A few months after their arrival, Andrew Jackson Linebarger was born on January 7, 1834. He was named for President Andrew Jackson, the same as were the township and the little creek that runs through it. Often when the Indians would come to visit his parents they would rock him as he lay in his log cradle. His mother washed at the little spring where they watered their stock which was a short distance from the cabin; but she always was afraid to leave the children in the house alone, because she feared an Indian attack, so she usually took them with her; but one day for some reason she left them alone and when she returned the children were gone. She was terrified and rushed to find her husband. He told her that while she was gone from the house he had returned and taken the youngsters with him out to the field where he was working. The Indians came to the Linebargers very often for food and it was never refused them, because the white settlers did not want to do anything to the Indians that might cause a quarrel. One day a red man came to the door and asked for something to eat. Mrs. Linebarger told him she had nothing for him which was the truth; but she told him she was baking bread. He seemed to doubt is so she opened here oven door and showed him; for she was afraid he might be angry because she didn't give him anything to eat. This convinced him and he grunted and walked off. The Indians often came to trade. They would take little pieces of bright cloth or beads for something that was really valuable. After the trade was made they would go off pleased, thinking they had received the best of the deal. One day when Mrs. Linebarger was alone in the house and Jackson was sleeping in his little cradle, a short, stout, ugly looking Indian came to the door, where she was spinning and asked for something to eat. She was afraid of such an ugly Indian and she did not care about having much to do with him or even give him any bread; but her better judgment overruled and she hot him a piece of bread, butter and jam. He sat down on the door step, near where she was spinning, without saying a word. Nancy kept on spinning although she was very much frightened; for she did not know what would happen when he had finished eating. Finally he was through, then she saw a scalping knife being slid slowly and silently along the floor toward here. She sat there breathless thinking every moment would be her last. The knife came nearer and nearer, then it was raised up on the spinning wheel and slid over right under her hand. When she looked at it again it was being slowly with-drawn and when she looked where it had been she found, much to her surprise, a fifty cent piece laying there, which he had slid over to her in this way. Then Indian fashion he grunted and went away. It was afterwards thought that this was Shabbona, chief of a tribe of Pottawatamies. In 1832, the settlers of this locality had an Indian scare. They had heard that the Indians near Ottawa were on the war path and that they were coming in their direction. Previously, the whites and red men had been on the best of terms; and especially in this region there seemed to be no jealousies existing between the two races. Land and game were plentiful and there were few white settlers so that the Indians did not feel as though they were being encroached upon. Then, as people began to come in more rapidly Black Hawk and his followers had become restless and jealous of the white people. These jealousies finally broke out in a conflict. In May of 1832, several families were massacred near Ottawa. This of course aroused the people living in the outlying districts. The people of Will County and the surrounding territory knew they were not able to repel an attack so thought it best to go to Indiana to a fort on the Wabash. Then the following night about twenty wagons and teams were gathered at Five Mile Grove ready to start. Then when they were about ready to start they were joined by some parties who said that the Indians were approaching. There was a great confusion and a hurried departure. The settlers had intended to take their cattle and household goods but they were in such a hurry to get away that they left them behind. Their route lead through Manhattan, Wilton, and Rockville Townships and crossing the Kankakee River at one of its fords. After they had gone a distance and were not pursued, Henry Linebarger and another man determined to return on horseback and bring as much of the stock as they could find. When they got back they found that all the stock had wandered off, but Henry remembered a sack of maple sugar he had with his household goods, for they used maple sugar all the time in those days, so he got it an threw it across the back of this horse. After they had gone a short distance on their way back to join their companions they saw in the distance two Indians following them rapidly. They very naturally thought that these were scouts of the main party of Indians. So they spurred their horses but nevertheless, the Indians gained on them. The bag of sugar was quite a burden, so they threw it off. Then the riders were soon out of sight of the Indians. Indians are notoriously fond of sugar and this was a great prize for them so they stopped to eat some before they again took up the pursuit. As soon as the main branch of fleeing settlers heard of the approach of the enemy, they rushed on faster than ever. A few days later they found that the last scare was only some friendly Pottawattamies. So they halted to eat and sleep but they had no more prepared for rest than some scouts came rushing in saying that the Indians were after them in earnest. They packed up speedily and hurried on. In a few days they reached Danville and learned that troops had been sent to quell the Indian uprising. Black Hawk was soon driven out of the country and there was no more danger, so they returned to their homes and found most of the stock unmolested. When Henry returned to his home he could not find his stock; but a friendly Indian came and told him hat he had hid them for him and if he would go with him would find them. Henry also received part of the bag of sugar he dropped; for it was found afterwards that those Indians were merely friendly Indians trying to tell them that there was no danger whatever. After this incident Henry Linebarger was know as Runabarger to the Indians. One day when Jackson was about seven years old his father, his two brothers and he got up early in the morning, did the work and started for Joliet; for there was much that Mr. Linebarger wanted to do in town. The boys of course were very much excited over the prospects of going once or twice a year. when they arrived they drove down the main street which was Bluff Street and their father hitched the horses in front of a grocery store, and left them sitting there while he went about his work. While they were sitting there a kind man came along an gave them a penny. After a time Jackson who was the older became brave enough to go into the store an buy some raisins. He got his raisins and the good store keeper gave him back his penny. The boys ate the raisins greedily and soon they were gone. Then Jonatahan the next older took the penny and went into the store and had the same results as Jackson. When these raisins were gone Lewis went in an gave the store keeper his penny and got the raisins but not his penny back this time. He did not know that he should not get it back, so when he had gone out he cried as though his heart would break because his penny was not returned.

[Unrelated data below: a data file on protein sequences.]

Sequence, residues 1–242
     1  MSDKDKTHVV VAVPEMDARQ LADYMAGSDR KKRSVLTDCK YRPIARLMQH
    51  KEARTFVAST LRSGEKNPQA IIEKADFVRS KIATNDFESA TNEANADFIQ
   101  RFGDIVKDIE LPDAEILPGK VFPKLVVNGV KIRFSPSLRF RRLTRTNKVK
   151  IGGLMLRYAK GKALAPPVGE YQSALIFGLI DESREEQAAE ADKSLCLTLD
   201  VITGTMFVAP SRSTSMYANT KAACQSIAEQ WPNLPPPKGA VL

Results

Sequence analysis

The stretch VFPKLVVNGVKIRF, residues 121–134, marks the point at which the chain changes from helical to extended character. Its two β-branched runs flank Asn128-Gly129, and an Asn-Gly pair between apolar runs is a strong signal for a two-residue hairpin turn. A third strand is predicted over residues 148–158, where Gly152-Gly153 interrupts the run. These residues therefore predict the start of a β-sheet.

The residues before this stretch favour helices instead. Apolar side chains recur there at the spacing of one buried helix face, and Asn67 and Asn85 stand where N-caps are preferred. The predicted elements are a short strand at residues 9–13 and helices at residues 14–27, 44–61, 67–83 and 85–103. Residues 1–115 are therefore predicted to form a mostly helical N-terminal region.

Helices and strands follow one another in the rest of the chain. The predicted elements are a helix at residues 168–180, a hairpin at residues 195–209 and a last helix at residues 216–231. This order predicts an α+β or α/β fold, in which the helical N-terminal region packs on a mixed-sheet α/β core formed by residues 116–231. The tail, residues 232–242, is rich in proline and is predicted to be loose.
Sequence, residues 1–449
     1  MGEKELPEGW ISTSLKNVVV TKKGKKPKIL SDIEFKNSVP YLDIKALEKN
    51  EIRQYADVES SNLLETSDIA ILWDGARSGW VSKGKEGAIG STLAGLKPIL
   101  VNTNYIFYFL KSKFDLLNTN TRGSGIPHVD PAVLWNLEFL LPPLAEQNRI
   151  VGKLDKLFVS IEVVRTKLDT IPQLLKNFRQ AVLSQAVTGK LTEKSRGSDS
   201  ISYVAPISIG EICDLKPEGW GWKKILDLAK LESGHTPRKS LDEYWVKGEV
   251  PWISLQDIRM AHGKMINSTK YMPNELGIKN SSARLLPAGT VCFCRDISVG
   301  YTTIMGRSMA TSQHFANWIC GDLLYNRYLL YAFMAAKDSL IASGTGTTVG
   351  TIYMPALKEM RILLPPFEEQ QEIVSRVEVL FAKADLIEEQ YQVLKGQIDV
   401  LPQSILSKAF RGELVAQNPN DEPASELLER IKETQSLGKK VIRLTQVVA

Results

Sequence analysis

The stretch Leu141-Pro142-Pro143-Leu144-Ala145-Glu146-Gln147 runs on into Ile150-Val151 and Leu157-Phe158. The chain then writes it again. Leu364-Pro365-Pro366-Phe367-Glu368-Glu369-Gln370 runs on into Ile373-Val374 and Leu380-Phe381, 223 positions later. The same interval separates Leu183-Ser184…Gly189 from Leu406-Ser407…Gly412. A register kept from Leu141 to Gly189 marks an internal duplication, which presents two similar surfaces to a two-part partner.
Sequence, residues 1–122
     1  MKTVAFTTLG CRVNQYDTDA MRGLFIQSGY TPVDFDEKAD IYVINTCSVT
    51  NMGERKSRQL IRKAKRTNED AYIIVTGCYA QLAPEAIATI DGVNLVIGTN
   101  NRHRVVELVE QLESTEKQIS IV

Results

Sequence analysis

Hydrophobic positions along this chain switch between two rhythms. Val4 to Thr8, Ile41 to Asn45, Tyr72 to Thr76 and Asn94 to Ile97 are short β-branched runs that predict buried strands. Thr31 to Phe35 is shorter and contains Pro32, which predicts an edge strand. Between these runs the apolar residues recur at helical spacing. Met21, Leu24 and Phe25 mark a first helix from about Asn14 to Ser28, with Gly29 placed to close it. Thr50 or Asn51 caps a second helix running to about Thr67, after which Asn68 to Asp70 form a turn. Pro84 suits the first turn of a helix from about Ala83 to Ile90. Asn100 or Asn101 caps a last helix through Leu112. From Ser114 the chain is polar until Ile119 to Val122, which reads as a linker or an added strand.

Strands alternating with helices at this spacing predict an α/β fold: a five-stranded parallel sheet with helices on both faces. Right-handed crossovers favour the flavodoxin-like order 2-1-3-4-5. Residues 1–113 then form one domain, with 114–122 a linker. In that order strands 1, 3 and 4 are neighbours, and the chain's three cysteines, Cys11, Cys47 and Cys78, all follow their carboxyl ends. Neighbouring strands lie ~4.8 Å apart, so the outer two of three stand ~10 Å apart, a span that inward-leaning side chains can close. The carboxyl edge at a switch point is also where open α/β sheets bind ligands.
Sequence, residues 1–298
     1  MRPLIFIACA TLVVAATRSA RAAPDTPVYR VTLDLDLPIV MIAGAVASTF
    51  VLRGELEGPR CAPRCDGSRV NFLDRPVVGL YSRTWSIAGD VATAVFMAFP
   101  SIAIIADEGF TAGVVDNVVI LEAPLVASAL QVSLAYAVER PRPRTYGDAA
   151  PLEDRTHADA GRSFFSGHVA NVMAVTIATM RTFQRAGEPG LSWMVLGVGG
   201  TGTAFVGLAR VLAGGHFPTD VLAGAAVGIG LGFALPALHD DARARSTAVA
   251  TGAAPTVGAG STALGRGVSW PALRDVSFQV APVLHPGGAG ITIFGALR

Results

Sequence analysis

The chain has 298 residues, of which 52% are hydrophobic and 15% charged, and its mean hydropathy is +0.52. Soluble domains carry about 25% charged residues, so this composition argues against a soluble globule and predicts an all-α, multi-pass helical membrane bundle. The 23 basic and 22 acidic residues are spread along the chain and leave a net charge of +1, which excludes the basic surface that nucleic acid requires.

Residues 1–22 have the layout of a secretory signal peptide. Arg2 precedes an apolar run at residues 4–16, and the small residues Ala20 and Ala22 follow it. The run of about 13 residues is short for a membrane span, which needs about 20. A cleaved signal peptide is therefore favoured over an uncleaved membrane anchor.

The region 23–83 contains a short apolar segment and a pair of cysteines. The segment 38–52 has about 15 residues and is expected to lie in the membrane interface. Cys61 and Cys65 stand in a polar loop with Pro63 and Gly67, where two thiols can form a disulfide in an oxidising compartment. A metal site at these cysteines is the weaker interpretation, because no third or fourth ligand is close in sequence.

From the very first, the inhabitants of Jackson township have manifested more than an ordinary interest in those two reforming and elevating influences--religion and education. In about 1838 a log school house was build about half way between the site of the present school and the Tehle home. It was here that Jackson was taught to read, write and do arithmetic. School was not held very regularly because of the lack of teachers. Mr. Spoors of Stars Grove was the teacher for a while. For a time after their arrival in Illinois the settlers held their church services in their homes but as soon as possible they build churches. Before they build them, church was sometimes held in the school house. The first church established was the Methodist Church. For a while the Linebargers attended this but when the Baptist church was established they went there because before coming here they had gone to the Baptist Church. Transportation conditions were not the best in those days. When they wanted to go to Chicago, which was a mere village when they went with oxen and would wind their way among sloughs and over wild open prairies. When making this trip one allowed three days for it. They would get a very early start the first morning and by hard traveling make a tavern that was quite a distance outside of Chicago, they would stay there over night, get an early start the next morning and by steady traveling be able to go to Chicago, do their trading and return to the tavern by night. The next day they would return home. One year Henry Linebarger raised a load of fine watermelons, for they grow very well on sod. He took this load of watermelons by ox team to Chicago to sell and they were such a treat to the Indians who were gathered there to make a treaty that they bought them all and the money that he received he returned to them in payment for eighty acres of land. For a short time they had to go to Indiana to have their meal ground but is was not long before there was a mill in Joliet. The Pioneers of 1832 were not helpless men but did practically all their own work. They shod their own horses, made their own tools, pails, barrels, shingles and many other things. The people of Jackson Township were all Democrats for the election of 1832 every vote cast was for Andrew Jackson. In 1836, Henry died.
In 1856, when Jackson was twenty-two years old he married Elizabeth Phillips. She was born in Germany, January 1, 1834. The same year he began farming on his own three hundred and twenty acres of land which was in section twenty, just a short distance west of his old home. He was a very good farmer and had one of the best farms in the township. He never allowed his buildings to run down but kept then painted and in good repair and he was always know as a very good business man. Even though the farm took up much of his time, he was till a prominent man in public affairs. He was one f the wealthiest men in the township, They had three children, Lewis Henry, Laura and Emma. Lewis died in 1894, Laura, who married Elvis Noel lives in Joliet and Emma who married Mr. McCleary lives in Berkley, Calif. Jackson, the first white child born in Jackson Township died on March 2, 1915, and is buried in the Brown cemetery not far form his old home.
He was one fo the men who helped establish the Grange. They had their first meeting in the town hall May 10, 1890. Mr. Linebarger was elected treasurer. Then in 1893, they built their own hall. As a member of the Grange he aided and encourage the work of the organization which was to buy implements, twine, coal, flour, salt, potatoes, brooms and such things at a lower price for the Grangers and others who wished to put in an order. He also helped with the fairs which the Grange held for 1899 to 1912, and with the Grange Chautauqua, which was held at New Lenox in 1893 and 1894.